Semi-markov process

I wonder if there is any example for semi-markov processes in Stan. Semi-markov processes are those in which the transition between states is given by a state-transition matrix and a dwell (waiting) time in the state.

I think a semi-markov process would be a great fit for the analysis I am trying to carry out. I wish to study a sequence of events (categorical values) in terms of their transition probability and the temporal length of each event.

For example, in the figure below, I simulated 150 steps in the semi-markov process. Each step, I sampled the state and the dwell time in that state according to the transition matrix

P=\begin{matrix} &s_0&s_1&s_2\\ s_0&0.0&0.9&0.1\\ s_1&0.9&0.0&0.1\\ s_2&1.0&0.0&0.0\\ \end{matrix}

and the dwell time distributions

t_{s_0} \sim lognormal(1, 0.5)\\ t_{s_1} \sim weibull(1, 1)\\ t_{s_0} \sim lognormal(2, 0.1)

I assume that I know the type of dwell time distribution in each state but I would like to use Stan to infer the parameters of each distribution and the state transition matrix. Is this doable?

This seems like a hidden markov model where the observation is the dwell time. The interface here should be useful:

There’s an example here:

Interesting way of looking at it. Would it be possible to set the hidden state? Is my case, the (not so) hidden state is the value of the categorical variable.

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Oh if you know the states then HMM is not the thing, cause the whole trick there is getting around not knowing the states.

If you know the states then your observations are transitions, so I guess you are estimating p(A | B), p(C | B) – stuff like that.

The only thing that strikes me here is state transition matrix may be a way to think about this mathematically (like from B, the thing ends up somewhere, so a column or row sums to 1, or something like that), but there’s probably a way to do modeling here.

Like, maybe p(A | B) = 0 cuz you know that, or maybe the transition probabilities have common terms that are a function of other covariates:

logit_pAB = X * beta + something;
logit_pCB = X * beta + something_else;
state_transitions ~ categorical_logit(logit_scale_probabilities);

And I guess you’re saying the transition times are correlated with what states you end up with, so there must be some sort of shared component between the regression of transition probabilities and times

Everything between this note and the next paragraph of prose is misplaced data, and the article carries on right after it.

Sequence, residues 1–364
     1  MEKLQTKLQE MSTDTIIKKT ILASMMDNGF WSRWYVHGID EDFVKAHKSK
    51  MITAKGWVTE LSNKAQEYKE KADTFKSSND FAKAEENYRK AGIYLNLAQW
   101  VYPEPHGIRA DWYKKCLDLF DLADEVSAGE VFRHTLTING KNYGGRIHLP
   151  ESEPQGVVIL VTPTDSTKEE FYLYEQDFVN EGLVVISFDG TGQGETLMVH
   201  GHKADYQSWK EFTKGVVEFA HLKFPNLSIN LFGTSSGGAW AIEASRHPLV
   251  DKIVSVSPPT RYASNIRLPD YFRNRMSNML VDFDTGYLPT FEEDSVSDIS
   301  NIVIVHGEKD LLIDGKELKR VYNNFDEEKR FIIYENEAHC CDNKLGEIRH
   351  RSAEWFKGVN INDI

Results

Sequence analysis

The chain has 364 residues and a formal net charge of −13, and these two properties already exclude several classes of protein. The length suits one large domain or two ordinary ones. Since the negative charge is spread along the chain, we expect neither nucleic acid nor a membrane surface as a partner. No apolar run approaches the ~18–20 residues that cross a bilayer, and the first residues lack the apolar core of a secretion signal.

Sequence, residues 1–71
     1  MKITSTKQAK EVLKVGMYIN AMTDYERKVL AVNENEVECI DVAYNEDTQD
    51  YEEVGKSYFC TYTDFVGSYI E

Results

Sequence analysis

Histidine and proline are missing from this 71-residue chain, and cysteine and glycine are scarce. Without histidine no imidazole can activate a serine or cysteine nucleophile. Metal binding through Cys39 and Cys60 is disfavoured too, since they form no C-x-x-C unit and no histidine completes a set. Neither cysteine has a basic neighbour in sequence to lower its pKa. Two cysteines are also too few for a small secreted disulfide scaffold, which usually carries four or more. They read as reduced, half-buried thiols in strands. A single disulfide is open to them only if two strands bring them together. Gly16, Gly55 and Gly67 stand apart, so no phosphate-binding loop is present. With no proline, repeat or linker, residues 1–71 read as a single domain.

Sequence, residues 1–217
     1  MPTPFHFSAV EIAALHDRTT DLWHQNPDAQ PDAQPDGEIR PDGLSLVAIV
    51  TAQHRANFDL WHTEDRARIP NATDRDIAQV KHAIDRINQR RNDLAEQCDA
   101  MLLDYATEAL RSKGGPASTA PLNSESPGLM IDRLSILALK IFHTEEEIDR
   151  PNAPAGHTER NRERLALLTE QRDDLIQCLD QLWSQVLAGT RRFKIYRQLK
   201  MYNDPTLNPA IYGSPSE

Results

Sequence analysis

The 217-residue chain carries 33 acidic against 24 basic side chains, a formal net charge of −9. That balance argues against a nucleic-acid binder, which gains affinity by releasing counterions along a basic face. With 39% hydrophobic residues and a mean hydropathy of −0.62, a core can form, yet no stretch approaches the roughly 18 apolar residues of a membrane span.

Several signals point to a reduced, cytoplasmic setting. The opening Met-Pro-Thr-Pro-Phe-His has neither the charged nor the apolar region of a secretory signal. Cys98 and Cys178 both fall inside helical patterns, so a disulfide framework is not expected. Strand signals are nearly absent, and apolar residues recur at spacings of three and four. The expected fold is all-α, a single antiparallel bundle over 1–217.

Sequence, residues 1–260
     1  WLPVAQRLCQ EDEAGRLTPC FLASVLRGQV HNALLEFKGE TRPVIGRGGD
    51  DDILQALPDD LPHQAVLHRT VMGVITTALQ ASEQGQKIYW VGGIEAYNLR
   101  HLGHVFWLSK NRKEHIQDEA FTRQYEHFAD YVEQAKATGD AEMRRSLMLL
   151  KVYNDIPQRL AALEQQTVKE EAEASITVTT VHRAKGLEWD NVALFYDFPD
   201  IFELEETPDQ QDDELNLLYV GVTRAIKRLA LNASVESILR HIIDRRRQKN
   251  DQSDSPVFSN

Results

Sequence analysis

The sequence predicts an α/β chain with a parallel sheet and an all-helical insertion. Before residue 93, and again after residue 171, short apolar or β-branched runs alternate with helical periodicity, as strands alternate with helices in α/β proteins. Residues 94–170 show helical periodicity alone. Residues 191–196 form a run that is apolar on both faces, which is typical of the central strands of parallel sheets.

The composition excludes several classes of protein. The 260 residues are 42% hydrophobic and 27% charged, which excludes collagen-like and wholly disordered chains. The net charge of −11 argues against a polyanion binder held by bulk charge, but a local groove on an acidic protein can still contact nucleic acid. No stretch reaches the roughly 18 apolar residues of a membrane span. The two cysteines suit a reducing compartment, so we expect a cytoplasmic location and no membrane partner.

log_tAB = X * beta
dwell_times ~ exponential(exp(log_scale_times));

I’m really not sure how to code up the shared component, but I think that’s what you want to do here.

If you don’t have the correlations in some sort of shared component in the regression, then you’d have to have some sort of parameterized distribution for join (transition, dwell_time) observations. I don’t know what that would be, not that it doesn’t exist.

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are you suggesting to model the transition matrix (e.g., with a Dirichlet regression) and a mixture of time distributions in which each component is associated with a state? Now that I think about it, if the transition matrix is independent on the dwell times, I can model transitions and dwell times separately right?
Thanks for your input. I realized I need to think a bit longer and harder on the problem.

Hmm, I guess not your current state, but whichever transition you take will be correlated with your next dwell time.

But since you measure your states directly then I guess yeah, these two models come apart.

Yeah yeah, this. As long as you build a valid transition matrix in the end, you can do whatever you want.

Mixture models can be really hard to fit, so if possible something else, but otherwise yeah

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Thanks, I’ll put something together soon. I am planning to use brms as much as I can. Let’s see how far I get. Thanks!

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